In early May, I traveled to Boston, MA to attend the HBX ConneXt conference at Harvard Business School. The institution invited students who completed the online educational platform, HBX. I was a participant in HBX CORe and was part of the June 2015 cohort (shout out to my fellow classmates!).
CORe provides the fundamentals -- the ‘core’ concepts -- of business (accounting, analytics, and economics) from leading Harvard Business School faculty, who use the renowned case-study method.
In this post, I hope I can not only discuss my experience and journey with HBX CORe last summer and my trip to HBS, but hopefully, I can also provide some valuable insight and also inspire others to take these or similar courses.
As with any story, there was a beginning. That beginning was in June of 2015. At that time, I thought there would be no end. I could not see the light at the end of the tunnel, as you might say. Note: this is not where my inspiration or jollification starts.
I was still an underclassman in college, and had just concluded my first year. I was completing a full-time internship on top of the twelve hours of course work a week. The courses started right when school ended, and the program spilled over into the start of my sophomore year.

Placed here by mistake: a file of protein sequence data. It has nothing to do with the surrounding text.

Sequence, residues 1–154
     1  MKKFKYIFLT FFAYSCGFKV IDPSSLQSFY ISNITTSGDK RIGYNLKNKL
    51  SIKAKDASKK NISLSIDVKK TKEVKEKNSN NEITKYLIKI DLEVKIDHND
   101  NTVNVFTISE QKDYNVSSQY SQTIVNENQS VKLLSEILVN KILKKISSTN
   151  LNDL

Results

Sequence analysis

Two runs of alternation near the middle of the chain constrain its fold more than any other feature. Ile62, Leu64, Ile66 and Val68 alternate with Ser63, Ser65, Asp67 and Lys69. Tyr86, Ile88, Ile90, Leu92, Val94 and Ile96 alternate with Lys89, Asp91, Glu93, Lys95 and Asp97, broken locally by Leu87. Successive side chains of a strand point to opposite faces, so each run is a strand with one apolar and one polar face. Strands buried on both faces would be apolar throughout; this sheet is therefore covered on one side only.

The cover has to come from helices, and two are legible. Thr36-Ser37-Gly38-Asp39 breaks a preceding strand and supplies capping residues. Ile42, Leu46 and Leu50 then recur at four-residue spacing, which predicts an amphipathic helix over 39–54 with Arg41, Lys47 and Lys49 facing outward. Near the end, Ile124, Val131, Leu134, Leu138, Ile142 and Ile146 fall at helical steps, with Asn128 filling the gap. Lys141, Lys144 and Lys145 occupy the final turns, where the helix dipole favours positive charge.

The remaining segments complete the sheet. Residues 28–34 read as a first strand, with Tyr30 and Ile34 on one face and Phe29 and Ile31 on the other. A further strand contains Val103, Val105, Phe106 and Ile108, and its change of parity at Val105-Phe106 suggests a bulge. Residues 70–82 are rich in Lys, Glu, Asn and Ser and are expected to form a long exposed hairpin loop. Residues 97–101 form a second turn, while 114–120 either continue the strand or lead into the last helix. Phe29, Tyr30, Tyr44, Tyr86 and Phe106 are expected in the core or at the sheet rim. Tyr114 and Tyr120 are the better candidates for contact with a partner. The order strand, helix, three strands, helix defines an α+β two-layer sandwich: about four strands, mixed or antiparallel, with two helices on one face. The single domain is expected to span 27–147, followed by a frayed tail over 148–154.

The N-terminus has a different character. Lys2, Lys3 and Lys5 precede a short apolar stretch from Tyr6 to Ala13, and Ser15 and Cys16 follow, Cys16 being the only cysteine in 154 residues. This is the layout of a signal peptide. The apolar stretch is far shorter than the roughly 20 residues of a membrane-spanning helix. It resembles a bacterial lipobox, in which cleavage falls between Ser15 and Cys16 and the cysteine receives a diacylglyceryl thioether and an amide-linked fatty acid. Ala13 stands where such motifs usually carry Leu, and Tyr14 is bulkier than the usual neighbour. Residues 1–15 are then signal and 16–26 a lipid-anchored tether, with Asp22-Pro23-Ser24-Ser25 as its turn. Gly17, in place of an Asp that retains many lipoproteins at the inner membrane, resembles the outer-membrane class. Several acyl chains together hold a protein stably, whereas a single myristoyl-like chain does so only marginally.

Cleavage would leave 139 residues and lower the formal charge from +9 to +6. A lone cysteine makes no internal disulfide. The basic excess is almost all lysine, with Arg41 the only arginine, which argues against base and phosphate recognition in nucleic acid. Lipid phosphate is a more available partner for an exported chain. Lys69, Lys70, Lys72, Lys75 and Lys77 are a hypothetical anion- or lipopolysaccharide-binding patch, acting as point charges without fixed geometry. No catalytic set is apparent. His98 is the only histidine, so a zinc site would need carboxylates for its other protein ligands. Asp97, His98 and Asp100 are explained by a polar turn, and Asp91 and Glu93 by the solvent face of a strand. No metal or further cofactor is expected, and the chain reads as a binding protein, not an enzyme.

I remember groggily working on these courses after being brain dead from work or while at the beach with friends. The silver lining in all of this though was that I was not alone. There were multiple students who were completing this program during an internship, a 40+ hour work week, or other time-consuming commitments.
A takeaway here is: do not go into these courses thinking you can wing anything, or that the time commitment will be easy to juggle with other responsibilities. It’s possible to pass, but nearly impossible. We learned at the HBXConneXt conference that procrastinators were more likely to fail CORe, while those who focused their efforts more efficiently were more likely to reach high honors. Those who do not put work off and get ahead of their tasks are more likely to be successful in the long run (see chart below).
During the conference in May, there was a session titled: “What’s Next for Online Learning: A Conversation” featuring Anne Dwane (Partner & Co-Founder, GSV Acceleration), Larry Culp (former CEO of Danaher Corp. and senior lecturer at HBS), and Chip Paucek (CEO & Co-Founder at 2U, Inc.). The guest speakers mentioned a couple of thoughts (of which I, of course, took note) about what they think when they see HBX CORe on someone’s resume. I am paraphrasing here; nonetheless, the speakers noted:
- Desire. Hunger. Self-motivation. Bias to invest in oneself.
- Lead & win potential.
- Talent in plain sight.
- Risk takers because they had confidence in an organization's newly founded program and confidence in themselves to complete the program.
- Real results. Hard work. Not superficial.
Why persist, you might ask?
I can’t speak on behalf of my cohort, but I persisted for three reasons: